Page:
Daily Media Quotation
Don't Play Follow-The-Leader On Snowy
June 1, 2006
by Kenneth Davidson - The Age
Privatisation is unpopular. But until the proposed sale of Snowy Hydro Ltd, politicians on both sides of the political fence have been able to ignore public opinion because it has been next to impossible for that opposition to be translated into political action that would make the politicians sufficiently insecure about their careers that they changed direction.
Opposition to the sale of Snowy Hydro could be the exception, despite the attempt to bulldoze the sale through three parliaments without any serious attempt to debate the issue. NSW Premier Morris Iemma announced last December that he wanted to sell the state's share to cover a budget revenue shortfall and to finance a school maintenance backlog, hospital refurbishment and undertake infrastructure projects before the state election next year.
The federal and Victorian governments quickly fell into line. Premier Steve Bracks said he had no choice but to sell because Victoria would have been "stranded with 29 per cent of a private company". This argument doesn't stand up, unless NSW and the Commonwealth could somehow float the company with two classes of shares that discriminated against Victoria.
But the argument that Victoria has to follow the leader on the grounds that somehow the new owners could or even would want to lock Victoria into a position inconsistent with its public interest is even more fanciful now that the Commonwealth is considering proposals to impose a cap on individual shareholdings.
Prime Minister John Howard has indicated that he is moving closer to his ally, Senator Bill Heffernan, who is pushing for a 10 per cent cap on individual shareholdings. In that case, Victoria's 29 per cent holding could be construed as strategic - it would give the state a better say in the direction of Snowy Hydro than it has now.
Financial markets have been complaining in recent weeks that any limitations on individual shareholding or foreign ownership would lower the sale price of the Snowy Hydro.
Good. This would create an opportunity for the Victorian Government to increase its shareholding in Snowy Hydro at a discount.
There are two great uncertainties associated with the sale. The first is the seasonal timing of environmental and irrigation flows when they might clash with the privatised company's duty to its shareholders to maximise its returns from the sale of peak electricity or holding water in its upper storages to use as insurance for electricity retailers against price spikes that can drive electricity prices up to the $10,000 MWh cap.
The act setting up the corporatised company provided a great deal of latitude to Snowy Hydro to balance these conflicting claims because it could be expected by its government owners to operate in the public interest. (The awful mess governments can get themselves into if they attempt to impose their will after the sale is shown with the experience of Telstra and Sydney airport.)
Similarly, the three governments are committed to increasing the environmental flows from the present dribble to 21 per cent by 2012 and 28 per cent at some unspecified time in the future. This is water that will not available to Snowy Hydro for electricity generation. The additional flow is supposed to be made available from improved irrigation efficiency. The uncertainty surrounding the likelihood of achieving the extra environmental flows is likely to be increased with privatisation.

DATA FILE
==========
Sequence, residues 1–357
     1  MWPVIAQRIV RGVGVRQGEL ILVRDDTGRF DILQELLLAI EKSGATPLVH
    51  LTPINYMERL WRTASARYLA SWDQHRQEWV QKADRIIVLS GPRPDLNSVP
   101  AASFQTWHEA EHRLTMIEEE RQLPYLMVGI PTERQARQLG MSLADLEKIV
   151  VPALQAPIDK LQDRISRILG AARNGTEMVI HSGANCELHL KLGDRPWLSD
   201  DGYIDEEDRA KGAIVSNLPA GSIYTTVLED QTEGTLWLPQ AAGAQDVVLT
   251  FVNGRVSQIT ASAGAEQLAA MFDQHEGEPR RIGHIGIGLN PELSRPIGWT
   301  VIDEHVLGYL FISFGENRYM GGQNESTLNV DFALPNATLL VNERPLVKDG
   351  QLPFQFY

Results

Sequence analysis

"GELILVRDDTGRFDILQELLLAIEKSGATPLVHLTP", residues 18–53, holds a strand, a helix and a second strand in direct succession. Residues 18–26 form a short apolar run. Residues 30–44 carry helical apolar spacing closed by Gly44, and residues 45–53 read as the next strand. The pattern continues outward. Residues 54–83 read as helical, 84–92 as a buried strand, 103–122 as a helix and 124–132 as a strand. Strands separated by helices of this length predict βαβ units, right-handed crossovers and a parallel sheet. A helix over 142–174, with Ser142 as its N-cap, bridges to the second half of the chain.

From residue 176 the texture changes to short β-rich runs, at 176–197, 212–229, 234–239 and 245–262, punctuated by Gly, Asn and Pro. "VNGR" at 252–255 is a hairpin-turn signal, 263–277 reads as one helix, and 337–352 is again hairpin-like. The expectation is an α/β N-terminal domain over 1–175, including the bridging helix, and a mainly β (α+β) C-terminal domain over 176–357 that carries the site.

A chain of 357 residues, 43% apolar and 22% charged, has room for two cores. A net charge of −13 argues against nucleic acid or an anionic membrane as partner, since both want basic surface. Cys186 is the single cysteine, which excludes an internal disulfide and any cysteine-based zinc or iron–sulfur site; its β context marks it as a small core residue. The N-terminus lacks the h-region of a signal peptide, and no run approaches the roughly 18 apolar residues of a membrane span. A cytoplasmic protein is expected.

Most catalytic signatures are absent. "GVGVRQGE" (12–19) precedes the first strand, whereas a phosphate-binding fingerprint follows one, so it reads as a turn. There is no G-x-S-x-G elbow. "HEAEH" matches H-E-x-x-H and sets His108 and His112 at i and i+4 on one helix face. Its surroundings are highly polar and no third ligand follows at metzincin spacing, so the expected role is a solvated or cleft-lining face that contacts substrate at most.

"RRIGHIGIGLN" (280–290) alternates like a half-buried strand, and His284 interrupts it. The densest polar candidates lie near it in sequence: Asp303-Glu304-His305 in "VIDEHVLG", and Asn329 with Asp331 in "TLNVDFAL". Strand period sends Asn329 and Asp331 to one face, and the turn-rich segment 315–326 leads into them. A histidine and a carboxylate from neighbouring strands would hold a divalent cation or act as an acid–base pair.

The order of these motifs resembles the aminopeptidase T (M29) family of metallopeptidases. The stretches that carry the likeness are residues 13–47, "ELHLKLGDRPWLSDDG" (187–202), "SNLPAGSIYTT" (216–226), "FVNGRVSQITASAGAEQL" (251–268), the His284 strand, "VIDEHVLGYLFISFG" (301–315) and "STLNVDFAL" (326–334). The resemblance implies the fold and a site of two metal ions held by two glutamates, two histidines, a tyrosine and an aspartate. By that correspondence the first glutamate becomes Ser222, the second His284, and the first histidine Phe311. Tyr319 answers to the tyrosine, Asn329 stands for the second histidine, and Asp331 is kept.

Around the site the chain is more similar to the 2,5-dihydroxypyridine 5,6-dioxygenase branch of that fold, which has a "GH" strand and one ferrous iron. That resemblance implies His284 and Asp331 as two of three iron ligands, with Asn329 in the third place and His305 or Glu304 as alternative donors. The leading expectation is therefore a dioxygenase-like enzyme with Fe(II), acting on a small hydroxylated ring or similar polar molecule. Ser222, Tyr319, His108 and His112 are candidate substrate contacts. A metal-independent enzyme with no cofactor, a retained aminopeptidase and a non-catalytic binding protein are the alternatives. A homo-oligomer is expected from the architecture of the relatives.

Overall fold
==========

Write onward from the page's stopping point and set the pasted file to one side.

The Bracks Government's former argument for debt reduction, irrespective of the cost, evaporated in the Victorian budget, especially as healthy tax revenues mean the state does not have a liquidity problem.
The Government now accepts the position that it should borrow to finance infrastructure in cases in which the returns from the investment exceed the cost of borrowing.
The expected Snowy Hydro sale price of about $3 billion is based on an overall return to debt and equity finance of about 10 per cent. With restrictions on shareholdings to prevent any one buyer emerging with a strategic interest, the sale price could be less than $3 billion and the required yield on the investment pushed up to 11 or 12 per cent.
Given that the State Government can go into the market to borrow at about 5.5 per cent, it should take the opportunity to borrow with the objective of increasing its share of Snowy Hydro to more than 30 per cent.
It is money for jam.
If Victoria borrowed $42 billion to finance buying the federal and NSW shares of Snowy Hydro, it would increase state debt by about 1 percentage point, without affecting Victoria's triple-A credit rating.
It is broadly accepted now that the Government harmed the public interest by allowing Transurban to cash in its $2.9 billion concession notes future liability for $610 million at an effective discount rate of 9.8 per cent, when the Government could have borrowed the same amount for 5.5 per cent.
The Government could more than redeem itself by borrowing at 5.5 per cent to acquire a future stream of earnings with a return of 10 to 12 per cent.
The future value of the water flowing through Snowy Hydro is incalculable. The electricity is premium, clean, peak power.
At some stage over the next decade, Australia will be forced to impose carbon emission taxes or trading schemes to reduce greenhouse gases which, based on recent European experience, could add about $20/MWh to $30/MWh to the cost of generating brown-coal electricity and therefore add a similar amount to the price of Snowy Hydro power, which would boost the company's profits by $80 million to $120 million million a year or by more than $2 billion to $3 billion (undiscounted) over 25 years.
The sale of this asset would be a crime against the taxpayer.